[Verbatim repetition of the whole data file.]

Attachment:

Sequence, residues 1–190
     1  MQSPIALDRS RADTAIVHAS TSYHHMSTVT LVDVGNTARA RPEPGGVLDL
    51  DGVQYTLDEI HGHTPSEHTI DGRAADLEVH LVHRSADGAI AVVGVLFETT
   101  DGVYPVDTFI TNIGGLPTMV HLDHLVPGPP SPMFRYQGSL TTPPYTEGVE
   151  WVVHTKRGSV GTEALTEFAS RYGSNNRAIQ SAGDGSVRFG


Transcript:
Sequence, residues 1–190
     1  MQSPIALDRS RADTAIVHAS TSYHHMSTVT LVDVGNTARA RPEPGGVLDL
    51  DGVQYTLDEI HGHTPSEHTI DGRAADLEVH LVHRSADGAI AVVGVLFETT
   101  DGVYPVDTFI TNIGGLPTMV HLDHLVPGPP SPMFRYQGSL TTPPYTEGVE
   151  WVVHTKRGSV GTEALTEFAS RYGSNNRAIQ SAGDGSVRFG